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Wall Street Analyst: Cable Monopoly Will Double Your Broadband Bill

Thought paying $65 a month for broadband service is too much? Just wait a few years when one Wall Street analyst predicts you will be paying twice that rate for internet access, all because the cable industry is gradually achieving a high-speed broadband monopoly.

Jonathan Chaplin, New Street Research analyst, predicts as a result of cord-cutting and the retreat of phone companies from offering high-speed internet service competition, the cable industry will win as much as 72.2% of the broadband market by the year 2020. With it, they also win the power to raise prices both fast and furiously.

In a note to investors, Chapin wrote the number of Americans left to sign up for broadband service for the first time has dwindled, and most of the rest of new customer additions will come at the expense of phone companies, especially those still selling nothing better than DSL.

“Our long-term penetration forecast is predicated on cable increasing its market share, given a strong network advantage in 70% of the country (this assumes that telco fiber deployment increases from 16% of the country today to close to 30% five years from now),” Chaplin wrote.

Cable companies already control 65% of the U.S. broadband market as of late last year. Chaplin points out large cable operators have largely given up on slapping usage caps and usage pricing on broadband service to replace revenue lost from TV cord-cutting, so now they are likely going to raise general broadband pricing on everyone.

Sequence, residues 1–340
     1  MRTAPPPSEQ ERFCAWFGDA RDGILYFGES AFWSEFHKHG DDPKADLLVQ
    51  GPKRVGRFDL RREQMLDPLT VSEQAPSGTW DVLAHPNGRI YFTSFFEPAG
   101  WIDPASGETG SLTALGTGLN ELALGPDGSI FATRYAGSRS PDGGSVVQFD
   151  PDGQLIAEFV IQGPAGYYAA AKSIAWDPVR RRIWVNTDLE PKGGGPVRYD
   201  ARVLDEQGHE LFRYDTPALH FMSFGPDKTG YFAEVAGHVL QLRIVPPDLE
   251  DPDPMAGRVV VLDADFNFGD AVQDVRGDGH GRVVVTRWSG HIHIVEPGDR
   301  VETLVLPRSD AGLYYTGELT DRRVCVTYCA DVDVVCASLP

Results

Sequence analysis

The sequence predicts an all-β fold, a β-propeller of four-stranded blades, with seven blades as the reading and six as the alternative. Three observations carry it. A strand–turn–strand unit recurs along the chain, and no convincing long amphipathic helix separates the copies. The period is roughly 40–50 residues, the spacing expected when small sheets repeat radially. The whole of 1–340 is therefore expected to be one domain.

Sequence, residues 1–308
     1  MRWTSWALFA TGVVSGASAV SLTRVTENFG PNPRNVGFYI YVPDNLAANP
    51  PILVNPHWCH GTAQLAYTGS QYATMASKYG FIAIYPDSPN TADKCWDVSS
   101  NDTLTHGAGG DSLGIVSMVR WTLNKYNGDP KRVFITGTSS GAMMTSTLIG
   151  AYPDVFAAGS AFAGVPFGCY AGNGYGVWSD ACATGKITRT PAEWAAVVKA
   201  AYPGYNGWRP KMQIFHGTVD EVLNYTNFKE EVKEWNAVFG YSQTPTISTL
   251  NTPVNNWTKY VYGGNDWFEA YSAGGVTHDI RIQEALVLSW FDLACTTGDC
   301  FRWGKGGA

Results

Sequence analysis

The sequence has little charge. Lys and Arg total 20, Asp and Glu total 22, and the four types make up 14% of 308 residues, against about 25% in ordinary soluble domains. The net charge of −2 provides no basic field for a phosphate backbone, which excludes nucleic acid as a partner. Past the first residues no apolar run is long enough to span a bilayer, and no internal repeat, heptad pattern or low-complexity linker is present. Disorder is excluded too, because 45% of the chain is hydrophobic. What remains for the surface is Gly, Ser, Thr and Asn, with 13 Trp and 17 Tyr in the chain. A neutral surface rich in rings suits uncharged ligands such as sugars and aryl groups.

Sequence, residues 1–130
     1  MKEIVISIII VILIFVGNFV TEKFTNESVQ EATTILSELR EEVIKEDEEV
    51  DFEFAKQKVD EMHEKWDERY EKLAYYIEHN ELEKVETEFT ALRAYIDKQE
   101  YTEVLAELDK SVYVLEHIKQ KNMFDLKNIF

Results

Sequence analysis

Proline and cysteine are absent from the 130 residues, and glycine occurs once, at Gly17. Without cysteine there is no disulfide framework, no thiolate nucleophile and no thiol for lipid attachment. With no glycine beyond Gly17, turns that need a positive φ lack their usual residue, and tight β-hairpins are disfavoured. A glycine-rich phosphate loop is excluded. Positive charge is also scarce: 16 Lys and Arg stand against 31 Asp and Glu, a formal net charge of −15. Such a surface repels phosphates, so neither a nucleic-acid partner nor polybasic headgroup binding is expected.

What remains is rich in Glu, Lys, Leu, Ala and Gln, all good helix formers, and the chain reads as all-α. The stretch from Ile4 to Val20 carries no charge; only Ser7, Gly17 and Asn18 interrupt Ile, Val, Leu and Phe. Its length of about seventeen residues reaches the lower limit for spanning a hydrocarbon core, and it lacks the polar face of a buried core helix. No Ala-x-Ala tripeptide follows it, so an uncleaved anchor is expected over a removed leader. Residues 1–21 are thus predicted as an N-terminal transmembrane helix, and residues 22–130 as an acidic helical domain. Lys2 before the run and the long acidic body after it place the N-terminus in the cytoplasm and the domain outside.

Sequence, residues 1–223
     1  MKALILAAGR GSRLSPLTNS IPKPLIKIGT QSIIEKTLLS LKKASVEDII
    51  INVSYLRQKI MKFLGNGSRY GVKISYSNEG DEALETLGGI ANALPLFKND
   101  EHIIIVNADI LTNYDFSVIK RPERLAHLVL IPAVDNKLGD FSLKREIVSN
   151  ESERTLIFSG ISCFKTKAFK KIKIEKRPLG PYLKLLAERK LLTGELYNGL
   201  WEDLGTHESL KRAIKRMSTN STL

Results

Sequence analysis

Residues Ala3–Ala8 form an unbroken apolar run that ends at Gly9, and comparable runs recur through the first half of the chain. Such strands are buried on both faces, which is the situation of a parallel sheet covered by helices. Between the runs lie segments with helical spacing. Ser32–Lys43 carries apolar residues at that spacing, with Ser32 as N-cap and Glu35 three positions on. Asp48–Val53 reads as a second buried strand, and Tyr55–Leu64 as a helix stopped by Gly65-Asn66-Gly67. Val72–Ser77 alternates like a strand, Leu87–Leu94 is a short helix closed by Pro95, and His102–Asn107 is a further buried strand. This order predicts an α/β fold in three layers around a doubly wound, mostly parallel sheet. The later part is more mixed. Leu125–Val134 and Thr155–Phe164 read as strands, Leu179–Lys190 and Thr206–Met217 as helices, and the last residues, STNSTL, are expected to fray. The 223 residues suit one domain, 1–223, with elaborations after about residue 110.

“Comcast and Charter have given up on usage-based pricing for now; however, we expect them to continue annual price increases,” Chaplin said. “As the primary source of value to households shifts increasingly from pay-TV to broadband, we would expect the cable companies to reflect more of the annual rate increases they push through on their bundles to be reflected in broadband than in the past. Interestingly, Comcast is now pricing standalone broadband at $85 for their flagship product, which is a $20 premium to the rack rate bundled price.”

Chaplin himself regularly cheerleads cable operators to do exactly as he predicts: raise prices. Back in late 2015, Chaplin pestered then CEO Robert Marcus of Time Warner Cable about why TWC was avoiding data caps, and in June of that year, Chaplin sent a note to investors claiming broadband was too cheap.

“Our analysis suggests that broadband as a product is underpriced,” Chaplin wrote. new street research“Our work suggests that cable companies have room to take up broadband pricing significantly and we believe regulators should not oppose the re-pricing (it is good for competition & investment).”

“The companies will undoubtedly have to take pay-TV pricing down to help ‘fund’ the price increase for broadband, but this is a good thing for the business,” Chaplin added. “Post re-pricing, [online video] competition would cease to be a threat and the companies would grow revenue and free cash flow at a far faster rate than they would otherwise.”

Currently there is 1 comment on this Article:

  1. Limboaz says:

    It’s a shame that Google has thrown in the towel with their fiber network expansion, and it’s also a shame that Telco’s like Centurylink are just so pathetic. What’s to stop these greedy monopolies from ripping off consumers at this point?







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